Beyond Fundamentals: Technology Is Changing The Way The Game Is Played

Jim Sullivan keeps an eye on business trends and market shifts. His livelihood depends on it. In fact, the very mission of his organization, Sullivision.com, is to design and deliver operations and leadership training programs for companies - including many franchises. He's worked with brands like McDonald's, Panera Bread, Regis Corp., Jiffy Lube, Applebee's, Domino's, and Dunkin' Brands.

Sullivan has been particularly keyed in on emerging technologies that are changing the way businesses are operating today. We asked his to share some of his current observations and insight into how these trends could shape the way multi-unit franchisees do business in 2011 and beyond. Here's what he told us.

From your perspective, what are the key trends that will affect franchise companies in 2011?

JS: I think the biggest trend will be social media's impact on the way zees and zors market, train, recruit, and even sell. Facebook has north of 500 million users and has become a retail mall as well as a meeting place. Social media is no longer marketing's sexy foreign cousin, it's mainstream, and companies will need an integrated and seamless strategy to access and leverage opportunities across Facebook, LinkedIn, Gowallah, Foursquare, and other sites. It can no longer be relegated to something the 20-something intern in marketing is "in charge of." Beyond that, I think that the iPad or tablet will change how we train and sell. And most importantly, companies will need to get brilliant at the operational basics of business in 2011. It's not enough to be pretty good at everything anymore. You have to be really good at something. Mastering the new fundamentals will be key to attracting talented people and acquiring and maintaining more customers.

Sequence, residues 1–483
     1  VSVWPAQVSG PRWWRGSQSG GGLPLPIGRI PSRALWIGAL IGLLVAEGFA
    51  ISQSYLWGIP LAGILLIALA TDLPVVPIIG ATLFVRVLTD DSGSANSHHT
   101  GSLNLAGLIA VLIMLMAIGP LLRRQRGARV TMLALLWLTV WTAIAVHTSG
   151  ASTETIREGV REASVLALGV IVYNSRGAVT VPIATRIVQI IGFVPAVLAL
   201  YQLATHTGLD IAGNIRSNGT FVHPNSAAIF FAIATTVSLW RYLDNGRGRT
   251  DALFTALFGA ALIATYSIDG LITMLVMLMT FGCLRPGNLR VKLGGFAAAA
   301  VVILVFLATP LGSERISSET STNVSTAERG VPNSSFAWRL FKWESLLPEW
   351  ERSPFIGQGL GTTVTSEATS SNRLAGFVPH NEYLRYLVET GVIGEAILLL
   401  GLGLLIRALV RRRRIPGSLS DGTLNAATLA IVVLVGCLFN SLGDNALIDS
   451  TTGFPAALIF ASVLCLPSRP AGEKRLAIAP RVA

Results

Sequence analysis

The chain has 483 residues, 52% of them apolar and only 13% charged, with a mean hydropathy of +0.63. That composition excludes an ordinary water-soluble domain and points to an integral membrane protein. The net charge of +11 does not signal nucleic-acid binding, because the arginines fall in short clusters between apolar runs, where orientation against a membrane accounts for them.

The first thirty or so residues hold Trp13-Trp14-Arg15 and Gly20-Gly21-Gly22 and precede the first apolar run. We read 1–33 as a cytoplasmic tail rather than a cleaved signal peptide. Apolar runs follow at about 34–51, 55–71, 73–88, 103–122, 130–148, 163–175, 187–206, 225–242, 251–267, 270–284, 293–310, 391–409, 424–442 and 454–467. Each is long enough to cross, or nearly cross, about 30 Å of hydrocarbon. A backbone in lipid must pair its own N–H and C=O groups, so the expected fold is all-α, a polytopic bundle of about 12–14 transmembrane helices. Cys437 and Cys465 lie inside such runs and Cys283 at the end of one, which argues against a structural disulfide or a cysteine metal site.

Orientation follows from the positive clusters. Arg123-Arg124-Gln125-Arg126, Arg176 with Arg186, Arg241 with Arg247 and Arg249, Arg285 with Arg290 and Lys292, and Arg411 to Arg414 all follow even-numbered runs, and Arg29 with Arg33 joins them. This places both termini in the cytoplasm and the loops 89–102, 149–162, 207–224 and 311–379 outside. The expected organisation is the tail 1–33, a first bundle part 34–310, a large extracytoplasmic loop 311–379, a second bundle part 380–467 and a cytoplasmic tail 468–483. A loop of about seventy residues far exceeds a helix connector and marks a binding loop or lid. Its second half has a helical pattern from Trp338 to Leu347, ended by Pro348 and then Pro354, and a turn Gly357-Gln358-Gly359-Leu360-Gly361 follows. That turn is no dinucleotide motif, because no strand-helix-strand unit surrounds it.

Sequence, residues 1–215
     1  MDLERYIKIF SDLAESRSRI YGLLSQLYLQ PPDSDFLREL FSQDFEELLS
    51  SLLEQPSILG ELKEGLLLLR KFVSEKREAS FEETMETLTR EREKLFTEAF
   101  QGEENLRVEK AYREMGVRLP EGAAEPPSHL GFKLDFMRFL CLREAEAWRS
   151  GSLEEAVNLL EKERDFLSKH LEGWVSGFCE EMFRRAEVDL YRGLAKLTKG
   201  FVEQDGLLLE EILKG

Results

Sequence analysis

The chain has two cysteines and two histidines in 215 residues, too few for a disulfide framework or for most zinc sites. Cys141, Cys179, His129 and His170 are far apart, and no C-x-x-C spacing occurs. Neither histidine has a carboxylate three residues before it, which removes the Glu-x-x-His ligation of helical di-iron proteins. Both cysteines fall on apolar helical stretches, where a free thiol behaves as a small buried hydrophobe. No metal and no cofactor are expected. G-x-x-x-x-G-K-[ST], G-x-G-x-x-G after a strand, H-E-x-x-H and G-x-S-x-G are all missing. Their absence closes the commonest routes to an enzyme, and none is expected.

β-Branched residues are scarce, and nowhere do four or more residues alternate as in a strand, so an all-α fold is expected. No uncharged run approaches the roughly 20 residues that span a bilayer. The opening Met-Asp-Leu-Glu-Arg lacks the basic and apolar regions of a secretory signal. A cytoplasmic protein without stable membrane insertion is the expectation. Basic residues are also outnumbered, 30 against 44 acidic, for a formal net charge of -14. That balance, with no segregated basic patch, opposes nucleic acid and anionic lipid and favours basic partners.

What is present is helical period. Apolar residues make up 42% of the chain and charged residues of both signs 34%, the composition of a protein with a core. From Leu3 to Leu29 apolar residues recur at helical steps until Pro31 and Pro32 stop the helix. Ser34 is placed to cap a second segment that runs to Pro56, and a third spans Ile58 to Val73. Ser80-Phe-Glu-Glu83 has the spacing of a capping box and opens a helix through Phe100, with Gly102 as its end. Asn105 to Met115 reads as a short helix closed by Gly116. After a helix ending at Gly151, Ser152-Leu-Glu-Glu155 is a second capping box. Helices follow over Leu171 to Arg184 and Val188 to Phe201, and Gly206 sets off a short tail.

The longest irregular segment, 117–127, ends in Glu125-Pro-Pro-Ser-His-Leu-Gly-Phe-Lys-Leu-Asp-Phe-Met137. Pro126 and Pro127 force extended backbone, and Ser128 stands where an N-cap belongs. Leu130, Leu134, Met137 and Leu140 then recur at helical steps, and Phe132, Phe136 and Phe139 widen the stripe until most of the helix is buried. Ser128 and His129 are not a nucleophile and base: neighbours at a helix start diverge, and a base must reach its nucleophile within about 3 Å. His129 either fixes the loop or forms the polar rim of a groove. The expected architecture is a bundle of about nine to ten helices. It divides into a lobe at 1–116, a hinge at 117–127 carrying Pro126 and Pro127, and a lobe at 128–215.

What are those "new" fundamentals?

Service, sales-building, training, marketing, cost-control, team-building, and leadership are the foundations. All of these sound very traditional, but they must be taught and imparted in non-traditional ways. Consider why most companies are only kind of good at those key areas. There's a disconnect between knowing and doing because their training programs are rooted in how trainers like to teach instead of how people actually learn. It's too much like school. Now consider how technology alone could be leveraged to enable, excite, and motivate the iPod Generation team, and even customers, to better engage with the brand.

Like how?

Consider the iPad. In the foodservice industry it will soon make the traditional menu obsolete. Why hand someone a static paper-based menu with a photo or two when you can offer a three-dimensional, interactive multimedia merchandising machine that features tantalizing video of each entrée and beverage, featuring detailed preparation steps and ingredients, and upselling? Integrate the right pricing algorithm, and menu prices will adjust based on customer traffic, current inventory, budget goals, or when a customer approaches a preset check average hurdle. Want a coupon tailored to your tastes for a future visit? Click. Want to pay at the table and leave feedback on your visit? Click. Click. The digital menu pad/tablet may even replace the servers with food runners instead, simultaneously solving two of the industry's endemic bugaboos: labor and turnover. Compare a 3-ring binder training manual to an iPad version. Nuff said.

Finally, I suggest multi-unit franchisees - and franchisors - put a priority on mapping and managing their customer experience ecosystem in 2011. Detail the chronological experience customers have with your business from initial contact to repeat business. Make a customer journey map. Re-think and refine each customer contact point from the customer's perspective. While the digital ecosystem (via social media) will make the biggest impact in the next 12 months, don't forget to invest in improving the expertise of your customer-facing brand ambassadors; servers, crew, cashiers, assistant managers, greeters, and drive-thru teams. Everything else you invest in depreciates. People are the only investment companies make that appreciates.

Jim Sullivan is the CEO of Sullivision.com, a training company whose clients include Walt Disney Company, Coca-Cola, American Express, Starbucks, Supercuts and Jiffy Lube. You can get his daily leadership insight on Twitter @Sullivision.

Published: January 20th, 2011

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